Sunday, February 15, 2009

Various Things Going on in the World

Some good, some bad, some that will make you wonder about the state of our world.

Hugo Chavez won a referendum to eliminate term limits, allowing him to become "President for Life." Such a thing, of course, could never happen here...

North Korea claims that it is planning another rocket/missile launch.

The launch of Space Shuttle Discovery has been delayed again, this time to no earlier than February 27.

The signing of the oh-so-urgent stimulus bill will have to wait until Obama gets back from a three-day weekend. This is actually a really dumb idea. The longer the bill remains unsigned, the more the public will have a chance to read it (but then, why should they bother? The Senate voted for it, and most of them didn't read it, either). And one must ask: if retail sales are making a comeback without the stimulus bill, is the bill really necessary??? I ask that question at work a lot, and I usually get in trouble for it. So it goes.

Speaking of Obama, it looks like he might be dumping the "car czar" idea, allowing senior members of his staff to make decisions on how to run private-sector companies instead. And I must ask: once a private-sector company accepts partial government ownership, is it truly a "private sector" company anymore? Businesses should find other ways to ride out the recovery, because as soon as they accept government money, the public, the media, and (most importantly) the government will have an expectation that Washington will dictate what the company will do. A gentle reminder on the definition of socialism:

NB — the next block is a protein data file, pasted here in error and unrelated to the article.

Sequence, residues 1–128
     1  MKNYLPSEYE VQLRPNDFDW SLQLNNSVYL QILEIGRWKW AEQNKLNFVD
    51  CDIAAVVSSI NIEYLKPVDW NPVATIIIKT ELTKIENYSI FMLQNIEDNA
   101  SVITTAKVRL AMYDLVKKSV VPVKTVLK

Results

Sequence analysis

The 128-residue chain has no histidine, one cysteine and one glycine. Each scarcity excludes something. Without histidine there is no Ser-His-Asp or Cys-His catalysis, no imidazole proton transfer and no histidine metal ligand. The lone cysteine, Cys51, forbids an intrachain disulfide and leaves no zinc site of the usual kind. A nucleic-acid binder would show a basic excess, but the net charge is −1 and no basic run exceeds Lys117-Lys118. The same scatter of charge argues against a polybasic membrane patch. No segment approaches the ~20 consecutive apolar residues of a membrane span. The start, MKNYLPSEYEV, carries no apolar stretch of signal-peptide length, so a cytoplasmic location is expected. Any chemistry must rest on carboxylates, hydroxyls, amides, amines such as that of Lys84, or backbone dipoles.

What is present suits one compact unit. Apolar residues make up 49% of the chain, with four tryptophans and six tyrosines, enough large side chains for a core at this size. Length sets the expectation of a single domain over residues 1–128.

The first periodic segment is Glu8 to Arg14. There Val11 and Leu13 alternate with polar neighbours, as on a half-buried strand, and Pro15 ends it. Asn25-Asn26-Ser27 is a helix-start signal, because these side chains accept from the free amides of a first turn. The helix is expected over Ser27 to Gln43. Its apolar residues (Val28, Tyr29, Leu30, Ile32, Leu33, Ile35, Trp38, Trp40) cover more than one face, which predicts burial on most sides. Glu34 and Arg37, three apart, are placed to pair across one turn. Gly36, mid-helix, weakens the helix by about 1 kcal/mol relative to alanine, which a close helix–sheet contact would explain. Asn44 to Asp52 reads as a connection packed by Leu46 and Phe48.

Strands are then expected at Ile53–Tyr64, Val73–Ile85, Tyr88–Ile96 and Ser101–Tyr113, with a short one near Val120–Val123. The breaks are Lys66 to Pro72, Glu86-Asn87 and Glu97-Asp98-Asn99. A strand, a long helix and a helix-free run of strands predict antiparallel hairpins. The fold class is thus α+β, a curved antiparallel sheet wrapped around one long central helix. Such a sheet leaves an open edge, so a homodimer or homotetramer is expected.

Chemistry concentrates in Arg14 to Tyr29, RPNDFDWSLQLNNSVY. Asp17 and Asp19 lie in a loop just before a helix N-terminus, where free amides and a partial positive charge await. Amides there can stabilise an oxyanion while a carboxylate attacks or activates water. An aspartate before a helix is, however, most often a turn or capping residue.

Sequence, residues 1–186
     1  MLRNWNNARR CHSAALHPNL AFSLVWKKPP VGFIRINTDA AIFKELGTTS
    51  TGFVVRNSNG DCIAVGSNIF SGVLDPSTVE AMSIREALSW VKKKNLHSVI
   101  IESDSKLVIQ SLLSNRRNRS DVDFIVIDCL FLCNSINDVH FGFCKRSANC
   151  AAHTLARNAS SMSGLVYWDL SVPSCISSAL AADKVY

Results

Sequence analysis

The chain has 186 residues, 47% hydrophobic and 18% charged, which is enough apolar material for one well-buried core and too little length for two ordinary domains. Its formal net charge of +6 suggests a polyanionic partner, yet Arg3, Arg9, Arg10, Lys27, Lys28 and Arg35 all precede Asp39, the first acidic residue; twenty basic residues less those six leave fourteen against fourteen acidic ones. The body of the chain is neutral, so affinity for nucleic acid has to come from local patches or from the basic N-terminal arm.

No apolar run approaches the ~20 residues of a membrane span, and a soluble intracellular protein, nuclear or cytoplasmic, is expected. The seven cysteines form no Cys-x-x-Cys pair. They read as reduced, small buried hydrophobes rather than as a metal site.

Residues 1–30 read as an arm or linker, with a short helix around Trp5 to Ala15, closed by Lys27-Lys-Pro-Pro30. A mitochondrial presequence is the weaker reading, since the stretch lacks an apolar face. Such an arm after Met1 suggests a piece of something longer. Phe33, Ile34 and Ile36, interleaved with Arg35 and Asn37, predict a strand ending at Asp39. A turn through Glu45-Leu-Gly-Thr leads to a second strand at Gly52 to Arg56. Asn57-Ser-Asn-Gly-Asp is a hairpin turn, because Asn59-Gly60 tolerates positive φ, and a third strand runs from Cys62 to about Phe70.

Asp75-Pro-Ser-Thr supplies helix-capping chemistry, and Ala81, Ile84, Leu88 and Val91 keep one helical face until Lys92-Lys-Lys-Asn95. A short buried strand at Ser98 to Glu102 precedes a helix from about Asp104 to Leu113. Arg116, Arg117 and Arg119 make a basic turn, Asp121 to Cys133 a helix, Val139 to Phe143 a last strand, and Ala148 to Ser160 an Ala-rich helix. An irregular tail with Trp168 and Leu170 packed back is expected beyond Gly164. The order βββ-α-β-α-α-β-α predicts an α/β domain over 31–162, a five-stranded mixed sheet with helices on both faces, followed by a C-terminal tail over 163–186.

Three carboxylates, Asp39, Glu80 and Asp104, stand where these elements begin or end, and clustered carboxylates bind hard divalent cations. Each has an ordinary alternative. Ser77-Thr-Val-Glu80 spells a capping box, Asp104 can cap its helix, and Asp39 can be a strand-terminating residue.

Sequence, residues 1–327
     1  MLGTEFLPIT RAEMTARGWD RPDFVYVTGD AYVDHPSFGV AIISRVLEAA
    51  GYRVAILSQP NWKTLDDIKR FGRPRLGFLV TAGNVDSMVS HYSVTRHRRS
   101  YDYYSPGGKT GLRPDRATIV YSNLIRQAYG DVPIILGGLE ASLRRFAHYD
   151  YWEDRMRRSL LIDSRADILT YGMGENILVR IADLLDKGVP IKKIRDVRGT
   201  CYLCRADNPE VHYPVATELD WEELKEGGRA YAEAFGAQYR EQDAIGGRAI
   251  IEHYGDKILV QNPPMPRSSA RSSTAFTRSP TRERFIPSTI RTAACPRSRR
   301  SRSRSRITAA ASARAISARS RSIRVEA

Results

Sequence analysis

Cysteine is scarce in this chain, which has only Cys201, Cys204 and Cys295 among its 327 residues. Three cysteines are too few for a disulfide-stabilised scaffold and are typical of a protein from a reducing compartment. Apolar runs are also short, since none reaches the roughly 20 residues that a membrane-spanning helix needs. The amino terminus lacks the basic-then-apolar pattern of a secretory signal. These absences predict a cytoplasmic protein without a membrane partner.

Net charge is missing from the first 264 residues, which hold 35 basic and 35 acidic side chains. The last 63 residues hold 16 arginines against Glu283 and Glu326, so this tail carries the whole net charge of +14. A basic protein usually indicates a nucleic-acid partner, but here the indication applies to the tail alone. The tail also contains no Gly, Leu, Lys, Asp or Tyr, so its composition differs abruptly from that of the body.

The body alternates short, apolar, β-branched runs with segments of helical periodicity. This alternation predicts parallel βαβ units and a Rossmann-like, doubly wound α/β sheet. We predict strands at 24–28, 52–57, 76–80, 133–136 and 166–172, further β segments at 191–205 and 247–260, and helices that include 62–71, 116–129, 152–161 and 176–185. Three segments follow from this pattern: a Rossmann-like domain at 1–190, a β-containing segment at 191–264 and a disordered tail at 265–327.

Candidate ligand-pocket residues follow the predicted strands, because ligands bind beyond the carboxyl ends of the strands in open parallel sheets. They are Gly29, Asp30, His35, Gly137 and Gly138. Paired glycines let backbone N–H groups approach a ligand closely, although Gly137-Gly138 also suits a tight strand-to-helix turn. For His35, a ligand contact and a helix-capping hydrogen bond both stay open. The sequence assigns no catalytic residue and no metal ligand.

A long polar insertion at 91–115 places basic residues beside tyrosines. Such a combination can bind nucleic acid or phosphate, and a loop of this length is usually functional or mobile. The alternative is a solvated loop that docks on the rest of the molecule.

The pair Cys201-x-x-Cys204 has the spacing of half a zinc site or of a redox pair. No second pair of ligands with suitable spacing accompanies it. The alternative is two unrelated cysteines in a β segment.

[A] social and economic doctrine that calls for public rather than private ownership or control of property and natural resources. According to the socialist view, individuals do not live or work in isolation but live in cooperation with one another. Furthermore, everything that people produce is in some sense a social product, and everyone who contributes to the production of a good is entitled to a share in it. Society as a whole, therefore, should own or at least control property for the benefit of all its members. [Emphasis mine.]

And I am still thinking long and hard about the social, political, economic, and cultural impacts of Ray Kurzweil's "Singularity." Again, I'm not doubting that such a thing is possible (though it interests me that my friends who have more scientific and technical training do doubt it). Rather, I question the desirability of the Singularity. Nevertheless, I look forward to the answers Dr. Kurzweil provides to the questions that I, Darlene the Science Cheerleader, and our readers pose to him this week. I will post his responses (or a link to them) when Darlene and I receive them.

Sayonara for this evening. Let's be careful out there.

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